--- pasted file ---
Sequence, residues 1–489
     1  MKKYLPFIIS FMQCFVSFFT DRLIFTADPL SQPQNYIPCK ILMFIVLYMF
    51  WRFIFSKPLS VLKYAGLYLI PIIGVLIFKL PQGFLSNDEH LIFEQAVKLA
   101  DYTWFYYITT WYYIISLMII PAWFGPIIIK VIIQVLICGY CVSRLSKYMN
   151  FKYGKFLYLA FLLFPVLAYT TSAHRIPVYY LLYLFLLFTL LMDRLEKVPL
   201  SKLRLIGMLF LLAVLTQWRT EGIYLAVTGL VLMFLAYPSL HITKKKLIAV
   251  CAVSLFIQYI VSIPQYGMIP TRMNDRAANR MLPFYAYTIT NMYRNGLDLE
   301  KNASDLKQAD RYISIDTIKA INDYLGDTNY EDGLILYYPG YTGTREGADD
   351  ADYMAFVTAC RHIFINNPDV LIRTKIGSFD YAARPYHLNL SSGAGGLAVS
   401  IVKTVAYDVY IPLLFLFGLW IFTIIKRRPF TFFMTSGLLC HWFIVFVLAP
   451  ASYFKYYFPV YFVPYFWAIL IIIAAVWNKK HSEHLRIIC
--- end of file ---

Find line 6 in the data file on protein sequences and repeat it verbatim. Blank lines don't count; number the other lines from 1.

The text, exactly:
   201  SKLRLIGMLF LLAVLTQWRT EGIYLAVTGL VLMFLAYPSL HITKKKLIAV